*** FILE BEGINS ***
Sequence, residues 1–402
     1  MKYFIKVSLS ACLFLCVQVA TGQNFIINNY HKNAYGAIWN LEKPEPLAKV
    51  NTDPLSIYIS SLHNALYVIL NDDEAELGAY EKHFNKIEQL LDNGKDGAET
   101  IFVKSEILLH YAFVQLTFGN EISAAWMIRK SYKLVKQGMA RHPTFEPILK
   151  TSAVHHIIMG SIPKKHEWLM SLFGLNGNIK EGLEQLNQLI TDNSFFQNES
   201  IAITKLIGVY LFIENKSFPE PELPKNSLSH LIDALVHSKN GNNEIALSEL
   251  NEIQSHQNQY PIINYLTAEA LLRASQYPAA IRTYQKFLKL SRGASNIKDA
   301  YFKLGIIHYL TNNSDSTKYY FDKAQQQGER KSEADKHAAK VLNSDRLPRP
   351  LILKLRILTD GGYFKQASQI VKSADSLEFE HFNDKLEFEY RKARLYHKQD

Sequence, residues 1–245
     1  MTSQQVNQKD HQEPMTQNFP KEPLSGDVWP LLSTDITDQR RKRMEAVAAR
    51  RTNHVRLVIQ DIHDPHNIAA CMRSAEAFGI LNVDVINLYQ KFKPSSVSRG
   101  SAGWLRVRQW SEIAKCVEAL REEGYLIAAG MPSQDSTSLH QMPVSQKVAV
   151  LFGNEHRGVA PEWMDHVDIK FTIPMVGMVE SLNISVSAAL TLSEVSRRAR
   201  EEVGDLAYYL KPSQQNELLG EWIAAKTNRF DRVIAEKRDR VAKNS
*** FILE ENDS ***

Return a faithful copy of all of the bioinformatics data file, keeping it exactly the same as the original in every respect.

Sequence, residues 1–402
     1  MKYFIKVSLS ACLFLCVQVA TGQNFIINNY HKNAYGAIWN LEKPEPLAKV
    51  NTDPLSIYIS SLHNALYVIL NDDEAELGAY EKHFNKIEQL LDNGKDGAET
   101  IFVKSEILLH YAFVQLTFGN EISAAWMIRK SYKLVKQGMA RHPTFEPILK
   151  TSAVHHIIMG SIPKKHEWLM SLFGLNGNIK EGLEQLNQLI TDNSFFQNES
   201  IAITKLIGVY LFIENKSFPE PELPKNSLSH LIDALVHSKN GNNEIALSEL
   251  NEIQSHQNQY PIINYLTAEA LLRASQYPAA IRTYQKFLKL SRGASNIKDA
   301  YFKLGIIHYL TNNSDSTKYY FDKAQQQGER KSEADKHAAK VLNSDRLPRP
   351  LILKLRILTD GGYFKQASQI VKSADSLEFE HFNDKLEFEY RKARLYHKQD

Sequence, residues 1–245
     1  MTSQQVNQKD HQEPMTQNFP KEPLSGDVWP LLSTDITDQR RKRMEAVAAR
    51  RTNHVRLVIQ DIHDPHNIAA CMRSAEAFGI LNVDVINLYQ KFKPSSVSRG
   101  SAGWLRVRQW SEIAKCVEAL REEGYLIAAG MPSQDSTSLH QMPVSQKVAV
   151  LFGNEHRGVA PEWMDHVDIK FTIPMVGMVE SLNISVSAAL TLSEVSRRAR
   201  EEVGDLAYYL KPSQQNELLG EWIAAKTNRF DRVIAEKRDR VAKNS